Underhill was a frequent contributor to the Postal Microscopical Society’s Journal of Microscopy and Natural Science in the late 1880s and throughout the 1890s. He offered mounting and collecting tips, as well as descriptive articles on various topics.
He was a charter member of the Oxfordshire Natural History Society, and served as its President in 1893. He became an avid photographer, and joined the Oxford Camera Club. It was said that Underhill’s photographs “were as near perfection as artistic feeling, technical skill, and good instruments could make them”.
Harry Underhill never married. The 1911 census shows him living with his unmarried sister, Maud, and a domestic servant. He died of cancer on October 2, 1920, at the age of 65. An obituary wrote, “Reticent and unassuming, Harry Underhill passed his life within a narrow circle, yet was a well-known man in the city and universally respected. He was beloved and faithfully served by a long succession of employees, many of whom had begun as boys in the old-established firm of M. Underhill and Sons, and grown grey in the service of his father and himself. All who met him could not but feel that he possessed great force of character and reserve of strength, and could a kindred spirit induce him to unbend, he would find Harry Underhill one of the most delightful and entertaining of companions”.
Figure 8. Two microscope slides that were produced by Harry Underhill, and re-labeled by later owners. A. Longitudinal sections of the spider Clubiona corticalis. B. Spinnerets of C. corticalis, dated September, 1874, and re-papered by Edward Ward.
Many thanks to Dr. Megan Price of Oxford University for enthusiastically sharing information on Harry Underhill, and to Trevor Gillingwater for generously providing images of Underhill’s slides.
Allen, Frank J., and Henry M.J. Underhill (1875) Notes on the Diptera, Hardwicke’s Science-Gossip , Vol. 11, pages 79-81 and 147-150
Allen, Frank J., and Henry M.J. Underhill (1876) Notes on the Diptera, Hardwicke’s Science-Gossip , Vol. 12, pages 60-62, 103-106, and 155-159
Bracegirdle, Brian (1998) Microscopical Mounts and Mounters, Quekett Microscopical Club, London, pages 96 and 190, plate 43-K
England census, birth, marriage, and death records, accessed through ancestry.co.uk
Gunther, Robert T. (1937) Early Science in Oxford, Vo. 11, self-published, Oxford, pages 321-322
Hardwicke’s Science-Gossip (1871) Exchange offers from H.M.J. Underhill, Vol. 7, pages 144 and 168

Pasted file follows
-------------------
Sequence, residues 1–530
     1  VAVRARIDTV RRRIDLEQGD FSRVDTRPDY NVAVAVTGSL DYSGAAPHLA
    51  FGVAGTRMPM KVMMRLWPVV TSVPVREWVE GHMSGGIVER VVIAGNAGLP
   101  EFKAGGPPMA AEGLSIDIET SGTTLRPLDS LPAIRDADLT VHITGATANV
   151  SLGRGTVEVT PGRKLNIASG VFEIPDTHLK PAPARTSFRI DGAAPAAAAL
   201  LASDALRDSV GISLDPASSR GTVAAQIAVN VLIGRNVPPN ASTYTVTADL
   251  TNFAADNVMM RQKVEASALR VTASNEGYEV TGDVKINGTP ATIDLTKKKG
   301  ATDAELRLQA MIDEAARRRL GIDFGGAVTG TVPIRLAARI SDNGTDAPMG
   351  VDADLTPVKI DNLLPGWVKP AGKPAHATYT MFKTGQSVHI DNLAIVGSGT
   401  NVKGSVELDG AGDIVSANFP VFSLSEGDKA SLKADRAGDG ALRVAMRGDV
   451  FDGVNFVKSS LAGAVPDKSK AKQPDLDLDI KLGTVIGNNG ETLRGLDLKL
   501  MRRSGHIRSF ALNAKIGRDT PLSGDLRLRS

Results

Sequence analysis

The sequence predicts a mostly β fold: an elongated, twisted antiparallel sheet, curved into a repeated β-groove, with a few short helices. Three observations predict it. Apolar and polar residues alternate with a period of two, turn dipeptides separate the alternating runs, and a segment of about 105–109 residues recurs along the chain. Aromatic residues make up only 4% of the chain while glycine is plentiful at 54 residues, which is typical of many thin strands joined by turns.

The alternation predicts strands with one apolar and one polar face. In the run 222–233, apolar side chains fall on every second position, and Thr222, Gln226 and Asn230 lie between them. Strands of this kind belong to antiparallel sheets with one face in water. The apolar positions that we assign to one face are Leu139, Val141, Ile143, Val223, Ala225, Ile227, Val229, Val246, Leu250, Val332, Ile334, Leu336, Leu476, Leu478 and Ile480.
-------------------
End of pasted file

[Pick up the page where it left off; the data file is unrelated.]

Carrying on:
Hardwicke’s Science-Gossip (1872) Exchange offer from H.M.J. Underhill, Vol. 7, page 284
Hardwicke’s Science-Gossip (1873) Exchange offers from H.M.J. Underhill, Vol. 9, pages 168 and 192
Harlan, Deborah, and Megan Price (2004, updated 2013, accessed September, 2015) H.M.J. Underhill Archive, http://archaeologydataservice.ac.uk/archives/view/underhill_na_2004
Journal of the Royal Microscopical Society (1887) Notes on Freeman’s presentation to Quekett, page 698
Oxford Chronicle (1920) Obituary: “Mr. H.M. Underhill”, October 8
Price, Megan (2008) Amateurs and professionals in nineteenth-century archaeology; The case of Oxford ‘Antiquarian and Grocer’ H.M.J. Underhill (1855-1920), in Archives, Ancestors, Practices: Archaeology in the Light of its History, ed. by N. Schlanger and J. Nordbladh, Berghahn Books, Oxford, pages 109-119
Price, Megan (2008) H.M.J. Underhill (1855–1921); Oxford antiquarian, artist, and ‘provision merchant’, Oxoniensia, Vol. 73, pages 99-120
Probate of H.M.J. Underhill (1920) “Underhill Henry Michael John of 231 Woodstock-road Oxford grocer died 2 October 1920 Administration Oxford 10 January to George Edward Underhill, esquire. Effects £6435 18s 7d”, accessed through ancestry.co.uk
Oxford History: Mayors & Lord Mayors (accessed September, 2015) Charles Underhill, http://www.oxfordhistory.org.uk/mayors/1836_1962/underhill_charles_1887.html
Quekett Journal of Microscopy (1886) Ordinary meeting of October 22, 1886, Series 2, Vol. 3, pages 24-25
Quekett Journal of Microscopy (1887) Ordinary meeting of January 28, 1887, “The following objects were exhibited : serial sections of slug, Limax agrestis, cut by Mr. J Underhill, (exhibited by) Mr. H.E. Freeman”, Series 2, Vol. 3, page 88
Quekett Journal of Microscopy (1887) Ordinary meeting of May 27, 1887, Series 2, Vol. 3, pages 157-159
Underhill, Henry M.J. (1873) Palates of spiders, Hardwicke’s Science-Gossip Vol. 9, page 283
Underhill, Henry M.J. (1875) Spiders’ webs and spinnerets, Hardwicke’s Science-Gossip, Vol. 11, pages 88, 132-135, and 195-198
Underhill, Henry M.J. (1875) The preparation of insects for microscopical examination, Hardwicke’s Science-Gossip, Vol. 15, pages 101-103 and 121-122
Underhill, Henry M.J. (1888) Section-cutting applied to insects, Hardwicke’s Science-Gossip, Vol. 24, pages 1-4
Underhill, Henry M.J. (1875) Spider gossip, part 1, Journal of the Postal Microscopical Society, Vol. 8, pages 16-25
Underhill, Henry M.J. (1875) Spider gossip, part 2: How the spider makes her web, Journal of the Postal Microscopical Society, Vol. 8, pages 86-95